Combe Royal Crescent, Bath

Dates: 1998-2001

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Tradition Revived in a Classical Crescent on a Romantic Hillside

During the last 20 years, with the increasing ease of communication by road and rail, the ideal residence for a wealthy, sophisticated Londoner has become, paradoxically, an 18th century town house in Bath. For theatre, shopping, access to limestone hills, the general civilised ambience, the city has recovered its earlier primacy as a place of pleasure and resort.

But, while a classical terrace house offers the outward show of a modestly designed palace, it does inwardly tend to dank basements, inordinately high reception rooms and cramped attics; the whole linked by stairs that occupy a full third of the available spatial area.

Mindful of this, the David Brain Partnership determined, whilst avoiding earlier errors and inconvenience, to build just such a terrace as Bath might have raised in 1820 in the tradition of Goodridge and Sir John Soane. Post-modernist pastiche was emphatically not the object. The aim was for true classical revival - pilastered, proportioned, balconied and arched, the whole composition to be executed in the finest Bath stone ashlar with elegantly substantial ironwork.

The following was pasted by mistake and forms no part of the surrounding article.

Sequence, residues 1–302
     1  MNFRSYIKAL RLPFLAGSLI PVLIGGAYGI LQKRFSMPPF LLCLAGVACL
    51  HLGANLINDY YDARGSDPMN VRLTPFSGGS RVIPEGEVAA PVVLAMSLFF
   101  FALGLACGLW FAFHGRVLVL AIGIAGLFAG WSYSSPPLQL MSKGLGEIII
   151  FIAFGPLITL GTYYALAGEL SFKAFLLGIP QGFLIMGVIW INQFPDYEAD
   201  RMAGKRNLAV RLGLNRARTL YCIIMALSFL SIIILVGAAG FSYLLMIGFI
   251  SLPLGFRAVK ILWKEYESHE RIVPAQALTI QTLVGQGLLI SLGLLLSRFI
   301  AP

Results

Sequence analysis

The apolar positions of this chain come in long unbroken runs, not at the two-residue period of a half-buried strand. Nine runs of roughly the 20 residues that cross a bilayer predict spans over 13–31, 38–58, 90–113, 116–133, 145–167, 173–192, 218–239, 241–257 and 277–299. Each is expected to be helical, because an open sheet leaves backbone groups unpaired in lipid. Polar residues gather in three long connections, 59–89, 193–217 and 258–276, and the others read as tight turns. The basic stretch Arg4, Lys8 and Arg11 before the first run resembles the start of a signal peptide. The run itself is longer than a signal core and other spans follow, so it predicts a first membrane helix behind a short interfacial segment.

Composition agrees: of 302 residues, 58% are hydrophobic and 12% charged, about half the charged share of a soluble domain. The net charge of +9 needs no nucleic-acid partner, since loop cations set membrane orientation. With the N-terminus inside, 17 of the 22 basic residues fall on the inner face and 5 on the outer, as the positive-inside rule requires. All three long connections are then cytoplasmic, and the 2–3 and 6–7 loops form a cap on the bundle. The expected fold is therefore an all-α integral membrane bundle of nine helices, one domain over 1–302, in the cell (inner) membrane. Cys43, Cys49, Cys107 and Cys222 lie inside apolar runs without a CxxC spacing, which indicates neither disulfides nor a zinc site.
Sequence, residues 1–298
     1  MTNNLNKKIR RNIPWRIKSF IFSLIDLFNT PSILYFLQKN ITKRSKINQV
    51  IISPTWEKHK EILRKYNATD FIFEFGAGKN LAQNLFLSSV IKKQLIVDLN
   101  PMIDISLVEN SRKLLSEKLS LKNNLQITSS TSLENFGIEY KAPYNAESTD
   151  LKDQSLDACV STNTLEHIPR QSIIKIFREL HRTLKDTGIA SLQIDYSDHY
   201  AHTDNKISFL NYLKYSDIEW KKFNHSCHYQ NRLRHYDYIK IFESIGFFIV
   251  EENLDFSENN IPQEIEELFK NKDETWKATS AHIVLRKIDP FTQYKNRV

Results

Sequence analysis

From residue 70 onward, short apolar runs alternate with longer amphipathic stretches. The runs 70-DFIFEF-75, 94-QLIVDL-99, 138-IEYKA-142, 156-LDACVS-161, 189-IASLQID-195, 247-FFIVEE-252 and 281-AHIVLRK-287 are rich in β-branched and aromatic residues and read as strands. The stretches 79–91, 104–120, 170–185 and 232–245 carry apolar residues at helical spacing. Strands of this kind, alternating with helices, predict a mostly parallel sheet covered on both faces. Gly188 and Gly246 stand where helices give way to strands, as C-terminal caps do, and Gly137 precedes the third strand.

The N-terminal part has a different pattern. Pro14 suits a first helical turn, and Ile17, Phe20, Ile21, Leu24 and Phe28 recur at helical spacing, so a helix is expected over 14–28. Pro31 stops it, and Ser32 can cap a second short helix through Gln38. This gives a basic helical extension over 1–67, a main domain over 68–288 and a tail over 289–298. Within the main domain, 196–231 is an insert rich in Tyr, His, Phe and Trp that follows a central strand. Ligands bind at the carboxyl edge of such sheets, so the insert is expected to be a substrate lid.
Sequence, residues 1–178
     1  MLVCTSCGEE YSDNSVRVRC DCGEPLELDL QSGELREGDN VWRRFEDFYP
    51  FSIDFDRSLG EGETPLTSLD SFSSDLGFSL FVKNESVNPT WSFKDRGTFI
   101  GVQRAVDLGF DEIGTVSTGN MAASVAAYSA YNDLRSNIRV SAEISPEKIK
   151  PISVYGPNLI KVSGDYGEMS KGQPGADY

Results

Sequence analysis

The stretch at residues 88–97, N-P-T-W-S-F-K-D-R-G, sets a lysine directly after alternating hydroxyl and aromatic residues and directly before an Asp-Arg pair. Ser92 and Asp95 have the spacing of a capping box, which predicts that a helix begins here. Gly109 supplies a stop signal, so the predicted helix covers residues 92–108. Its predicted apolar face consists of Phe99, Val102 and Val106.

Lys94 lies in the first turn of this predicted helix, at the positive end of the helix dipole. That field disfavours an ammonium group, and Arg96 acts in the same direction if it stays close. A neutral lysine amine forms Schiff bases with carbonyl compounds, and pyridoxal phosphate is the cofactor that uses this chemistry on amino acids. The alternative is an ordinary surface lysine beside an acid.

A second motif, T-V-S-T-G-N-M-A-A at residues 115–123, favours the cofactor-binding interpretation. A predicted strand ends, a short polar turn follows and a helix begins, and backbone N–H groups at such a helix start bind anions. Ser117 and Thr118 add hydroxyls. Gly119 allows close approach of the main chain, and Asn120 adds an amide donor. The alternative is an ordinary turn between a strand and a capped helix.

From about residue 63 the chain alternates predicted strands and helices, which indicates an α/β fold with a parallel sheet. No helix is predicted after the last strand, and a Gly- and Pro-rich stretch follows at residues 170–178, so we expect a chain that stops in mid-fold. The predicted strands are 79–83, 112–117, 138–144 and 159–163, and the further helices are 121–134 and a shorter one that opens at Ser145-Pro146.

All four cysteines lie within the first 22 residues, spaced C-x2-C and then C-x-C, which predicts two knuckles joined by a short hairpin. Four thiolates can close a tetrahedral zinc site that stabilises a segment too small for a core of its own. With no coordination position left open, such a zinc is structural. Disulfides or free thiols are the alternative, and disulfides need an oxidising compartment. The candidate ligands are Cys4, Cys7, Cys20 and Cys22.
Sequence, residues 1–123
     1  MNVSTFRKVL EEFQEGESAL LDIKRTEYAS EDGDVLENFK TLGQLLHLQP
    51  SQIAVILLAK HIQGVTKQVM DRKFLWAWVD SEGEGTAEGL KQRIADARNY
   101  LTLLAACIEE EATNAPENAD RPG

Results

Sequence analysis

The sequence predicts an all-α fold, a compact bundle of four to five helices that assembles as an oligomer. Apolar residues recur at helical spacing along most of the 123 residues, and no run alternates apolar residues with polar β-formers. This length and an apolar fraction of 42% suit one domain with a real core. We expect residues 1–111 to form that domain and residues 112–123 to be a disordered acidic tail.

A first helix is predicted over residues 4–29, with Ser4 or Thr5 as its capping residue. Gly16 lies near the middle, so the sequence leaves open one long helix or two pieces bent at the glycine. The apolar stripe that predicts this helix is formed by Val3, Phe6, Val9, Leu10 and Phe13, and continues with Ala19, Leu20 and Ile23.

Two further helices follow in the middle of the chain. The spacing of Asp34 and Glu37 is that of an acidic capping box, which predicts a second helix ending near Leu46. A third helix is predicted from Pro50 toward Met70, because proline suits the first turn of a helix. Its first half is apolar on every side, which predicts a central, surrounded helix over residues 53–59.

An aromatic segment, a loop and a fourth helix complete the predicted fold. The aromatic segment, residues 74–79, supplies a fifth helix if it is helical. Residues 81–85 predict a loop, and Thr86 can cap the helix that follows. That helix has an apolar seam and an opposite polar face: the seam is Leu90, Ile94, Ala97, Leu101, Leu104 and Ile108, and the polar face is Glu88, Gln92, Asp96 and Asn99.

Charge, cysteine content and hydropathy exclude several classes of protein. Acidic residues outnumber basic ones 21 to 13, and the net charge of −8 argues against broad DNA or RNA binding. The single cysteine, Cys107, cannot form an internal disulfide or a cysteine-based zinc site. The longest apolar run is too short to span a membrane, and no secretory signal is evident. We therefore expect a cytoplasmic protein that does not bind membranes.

The site chosen more than complements the design. Combe Royal Crescent eases into the fringes of woodland on Bathwick Hill, at the head of a steep valley, looking down across the city and the Avon to the Cotswolds. The views are worthy of Poussin or Lorraine. Access is off an elevated drive through the wood where the garage accommodation is sunk into the hillside within a few steps of the front doors.

There are three 4/5 bedroom houses; the fall of land has ingeniously solved all the usual problems of three storey houses. Main entry is at first floor level. There both the spacious living room and an en-suite bedroom open out into a wide balcony commanding the prestigious view. On the floor above are two further bedrooms, bathrooms and a Study, and the floor below a Utility and study and a dining room and kitchen opening onto a side terrace and garden. These are family houses in the best sense - places where individual members can escape each other and come together with equal ease.